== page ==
This page provides a basic overview of interlocal cooperation for local governments in Washington State, including examples of interlocal agreements.
Washington's Interlocal Cooperation Act, chapter 39.34 RCW, authorizes public agencies to contract with other public agencies via interlocal agreements that enable cooperation among the agencies to perform governmental activities and deliver public services. The Act also allows the creation of nonprofit corporations to carry out these ends.
Interlocal cooperation can reduce duplication, offer economies of scale, and generally improve governmental efficiency. Local governments engage in a wide array of cooperative efforts with each other, state agencies, and other governmental entities, and interlocal cooperation can take many forms.
All interlocal agreements made pursuant to Ch. 39.34 RCW must either be filed with the county auditor or posted on a public agency's website or other electronically retrievable public source (RCW 39.34.040).
While there is no penalty for failure to file or post agreements, a court of appeals decision, State v. Plaggemeier (1999), held that an agreement may be found invalid if it has not been filed or posted as required by RCW 39.34.040. Plaggemeier was decided under an earlier version of RCW 39.34.040 which required the filing of an interlocal agreement with the county auditor and secretary of state. That statute, however, has been twice amended and now only requires filing the agreement with the county auditor or listing it on the agency’s website. Even with the change in the statutory language, Plaggemeir is important as it indicates that an interlocal agreement could be invalidated by a court if it is not properly filed or listed.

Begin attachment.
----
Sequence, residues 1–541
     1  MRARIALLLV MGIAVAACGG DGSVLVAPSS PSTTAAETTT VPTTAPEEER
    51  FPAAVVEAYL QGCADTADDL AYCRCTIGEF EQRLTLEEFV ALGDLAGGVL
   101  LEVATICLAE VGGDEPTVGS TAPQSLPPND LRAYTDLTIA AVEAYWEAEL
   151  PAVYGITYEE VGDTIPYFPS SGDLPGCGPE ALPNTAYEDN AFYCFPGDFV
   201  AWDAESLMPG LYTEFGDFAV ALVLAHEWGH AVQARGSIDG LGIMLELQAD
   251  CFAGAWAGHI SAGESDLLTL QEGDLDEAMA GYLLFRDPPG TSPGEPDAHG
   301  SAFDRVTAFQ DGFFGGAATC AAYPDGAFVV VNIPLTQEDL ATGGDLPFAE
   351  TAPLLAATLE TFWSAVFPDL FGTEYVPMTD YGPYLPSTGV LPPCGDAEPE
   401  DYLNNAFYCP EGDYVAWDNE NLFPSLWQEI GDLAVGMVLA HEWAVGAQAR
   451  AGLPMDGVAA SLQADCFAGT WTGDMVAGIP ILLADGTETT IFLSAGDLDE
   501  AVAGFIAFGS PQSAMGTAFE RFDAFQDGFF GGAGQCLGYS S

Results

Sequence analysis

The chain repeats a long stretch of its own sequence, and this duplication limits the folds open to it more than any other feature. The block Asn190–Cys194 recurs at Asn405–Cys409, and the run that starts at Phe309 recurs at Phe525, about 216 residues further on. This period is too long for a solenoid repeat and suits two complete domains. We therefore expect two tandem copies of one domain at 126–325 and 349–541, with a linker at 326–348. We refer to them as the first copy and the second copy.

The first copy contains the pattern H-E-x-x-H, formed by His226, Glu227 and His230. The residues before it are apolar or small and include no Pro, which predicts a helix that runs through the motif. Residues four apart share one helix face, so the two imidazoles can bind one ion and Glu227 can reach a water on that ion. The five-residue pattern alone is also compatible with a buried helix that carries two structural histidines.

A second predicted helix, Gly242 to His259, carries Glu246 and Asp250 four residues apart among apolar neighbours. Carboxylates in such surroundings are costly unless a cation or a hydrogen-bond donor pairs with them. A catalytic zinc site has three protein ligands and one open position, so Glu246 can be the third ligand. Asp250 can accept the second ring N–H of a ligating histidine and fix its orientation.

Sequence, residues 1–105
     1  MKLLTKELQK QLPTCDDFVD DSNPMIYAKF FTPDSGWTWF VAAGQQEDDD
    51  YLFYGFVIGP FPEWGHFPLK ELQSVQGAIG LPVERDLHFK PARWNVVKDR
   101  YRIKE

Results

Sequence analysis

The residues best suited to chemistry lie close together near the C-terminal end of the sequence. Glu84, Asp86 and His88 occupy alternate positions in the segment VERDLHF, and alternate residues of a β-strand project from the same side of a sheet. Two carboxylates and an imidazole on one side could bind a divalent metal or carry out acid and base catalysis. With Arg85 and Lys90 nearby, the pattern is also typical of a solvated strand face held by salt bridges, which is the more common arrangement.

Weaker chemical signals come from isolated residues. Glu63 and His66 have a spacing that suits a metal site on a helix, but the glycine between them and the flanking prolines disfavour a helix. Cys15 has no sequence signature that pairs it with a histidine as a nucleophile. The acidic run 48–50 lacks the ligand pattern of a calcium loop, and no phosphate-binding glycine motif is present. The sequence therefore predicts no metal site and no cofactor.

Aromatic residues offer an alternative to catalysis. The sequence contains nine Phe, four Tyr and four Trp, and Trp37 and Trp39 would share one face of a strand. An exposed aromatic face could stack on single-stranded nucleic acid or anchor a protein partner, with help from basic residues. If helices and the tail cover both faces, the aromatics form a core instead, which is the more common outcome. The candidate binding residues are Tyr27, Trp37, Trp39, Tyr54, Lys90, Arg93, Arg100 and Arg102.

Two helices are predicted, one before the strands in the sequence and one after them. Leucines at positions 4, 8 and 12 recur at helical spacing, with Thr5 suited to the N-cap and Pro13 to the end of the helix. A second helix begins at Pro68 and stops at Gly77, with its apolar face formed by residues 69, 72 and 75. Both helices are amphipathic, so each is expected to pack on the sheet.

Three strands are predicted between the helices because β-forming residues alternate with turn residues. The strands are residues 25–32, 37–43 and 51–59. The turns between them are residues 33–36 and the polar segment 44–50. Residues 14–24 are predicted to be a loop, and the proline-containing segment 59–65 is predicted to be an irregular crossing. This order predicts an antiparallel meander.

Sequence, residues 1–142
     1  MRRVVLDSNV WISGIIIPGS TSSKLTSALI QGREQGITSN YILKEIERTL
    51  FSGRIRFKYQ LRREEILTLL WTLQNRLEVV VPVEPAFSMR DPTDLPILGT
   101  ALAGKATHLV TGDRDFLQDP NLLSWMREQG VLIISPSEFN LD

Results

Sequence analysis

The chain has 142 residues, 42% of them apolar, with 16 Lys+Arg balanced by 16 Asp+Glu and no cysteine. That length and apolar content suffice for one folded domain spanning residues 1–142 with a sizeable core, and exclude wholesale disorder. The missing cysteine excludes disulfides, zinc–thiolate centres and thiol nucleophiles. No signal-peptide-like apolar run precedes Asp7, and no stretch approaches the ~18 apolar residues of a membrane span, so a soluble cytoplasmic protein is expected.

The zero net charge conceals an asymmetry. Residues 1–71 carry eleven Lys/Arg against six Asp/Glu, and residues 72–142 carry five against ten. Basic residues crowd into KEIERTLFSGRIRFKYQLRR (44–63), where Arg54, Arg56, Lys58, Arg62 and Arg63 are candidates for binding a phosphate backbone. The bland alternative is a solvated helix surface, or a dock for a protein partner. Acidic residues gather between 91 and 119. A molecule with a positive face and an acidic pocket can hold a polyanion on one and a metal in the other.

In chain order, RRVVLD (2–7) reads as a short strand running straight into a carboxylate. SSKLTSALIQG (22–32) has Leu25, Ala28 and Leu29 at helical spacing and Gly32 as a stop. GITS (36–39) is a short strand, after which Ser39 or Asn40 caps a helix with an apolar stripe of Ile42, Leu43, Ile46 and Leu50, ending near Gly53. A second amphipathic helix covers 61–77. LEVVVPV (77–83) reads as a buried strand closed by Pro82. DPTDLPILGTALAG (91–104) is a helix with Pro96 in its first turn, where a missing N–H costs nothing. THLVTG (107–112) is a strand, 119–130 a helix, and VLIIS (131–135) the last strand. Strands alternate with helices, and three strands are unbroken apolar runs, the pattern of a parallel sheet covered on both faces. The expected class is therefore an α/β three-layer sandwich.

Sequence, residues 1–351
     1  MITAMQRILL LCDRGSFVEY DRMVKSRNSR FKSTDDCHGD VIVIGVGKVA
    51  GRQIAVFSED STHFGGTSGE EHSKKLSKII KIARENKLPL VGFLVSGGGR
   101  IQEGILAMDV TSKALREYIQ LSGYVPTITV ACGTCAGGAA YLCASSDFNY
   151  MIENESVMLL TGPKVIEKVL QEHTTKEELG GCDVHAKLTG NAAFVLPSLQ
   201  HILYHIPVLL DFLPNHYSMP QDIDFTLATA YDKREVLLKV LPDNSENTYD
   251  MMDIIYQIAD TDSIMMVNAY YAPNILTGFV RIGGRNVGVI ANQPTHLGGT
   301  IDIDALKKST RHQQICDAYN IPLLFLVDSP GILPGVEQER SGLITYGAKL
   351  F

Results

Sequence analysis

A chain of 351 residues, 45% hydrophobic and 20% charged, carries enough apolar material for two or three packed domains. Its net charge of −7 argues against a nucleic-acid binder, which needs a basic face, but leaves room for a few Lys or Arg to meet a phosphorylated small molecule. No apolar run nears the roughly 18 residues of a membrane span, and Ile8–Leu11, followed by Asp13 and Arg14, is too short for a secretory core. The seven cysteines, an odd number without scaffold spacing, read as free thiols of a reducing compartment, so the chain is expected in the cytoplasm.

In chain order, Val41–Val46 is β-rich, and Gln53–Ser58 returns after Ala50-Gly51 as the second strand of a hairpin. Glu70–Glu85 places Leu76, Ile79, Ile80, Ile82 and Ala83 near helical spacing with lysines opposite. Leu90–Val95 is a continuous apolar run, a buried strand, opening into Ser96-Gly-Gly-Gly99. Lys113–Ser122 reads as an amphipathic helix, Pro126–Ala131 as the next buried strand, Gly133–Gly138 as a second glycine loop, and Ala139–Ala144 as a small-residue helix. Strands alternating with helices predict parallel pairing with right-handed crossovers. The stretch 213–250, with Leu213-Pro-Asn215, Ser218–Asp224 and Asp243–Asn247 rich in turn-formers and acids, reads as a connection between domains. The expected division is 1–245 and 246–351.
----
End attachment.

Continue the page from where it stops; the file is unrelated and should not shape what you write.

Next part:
See the MRSC webpages listed below for sample agreements in specific subject areas.
- Animal Control and Animal Shelters
- Court Services
- Emergency Communications Services and Facilities
- Emergency Medical Services
- Fire Services
- Growth Management and Planning
- Law Enforcement Services
- Parks and Recreation
- Public Works - Includes joint planning, utilities, and information systems
- Regional Water Providers and Associations
Some local governments have entered into agreements or adopted policies outlining their intent to pursue opportunities for joint coordination and action on issues of mutual interest with neighboring jurisdictions. See the following sample agreements and policies:
- Bainbridge Island Resolution No. 2004-06 - Joint resolution of the city of Bainbridge Island, Bainbridge Island School District No. 303, Bainbridge Island Fire District No. 2, and Bainbridge Island Park and Recreation District to promote and strengthen coordination in public funding and financing requests between Bainbridge Island taxing districts
- Kent School District Policy 4320 - Cooperative programs with other districts and public agencies (similar policies are adopted by other school districts)
- Marysville Resolution No. 2082 (2002) - Working with the city of Arlington for regional solutions
- Port Townsend and Jefferson County Joint Resolution No. 99-076, 96-99 (1999) - Declaring an intent to facilitate and examine joint ventures of common service programs
- Richland, Kennewick, and Benton County Fire Districts Nos. 1, 2, and 4 Master Interlocal Partnership and Collaboration Agreement (2011) - Agreement memorializes the desire to cooperatively form a partnership for the identification, evaluation, and implementation of collaborative efforts to allow the sharing of resources, including, but not limited to, personnel, resources, and equipment
- Snohomish County Interjurisdictional Coordination (2015) - General Policy Plan
- National Association of Counties (NACo): A County Manger’s Guide to Shared Services in Local Government (2013) - Produced by the IBM Center for The Business of Government
- Association of Washington Cities (AWC): Forming Successful Partnerships: A Practical Guide for Local Governments (2006)
- Pensylvannia Governor's Center for Local Government Services: Intergovernmental Cooperation Handbook (2018)
- Lincoln Institute of Land Policy: Learning to Think and Act Like a Region (2006)
- Rutgers Center on Law, Inequality, and Metropolitan Equity: A review of the pros and cons of increased interlocal cooperation in local government (2009)
- International City Managers Association (ICMA): Sharing Available Resources Efficiently - Best Practices Handbook (2006) - Produced by the New Jersey Department of Community Affairs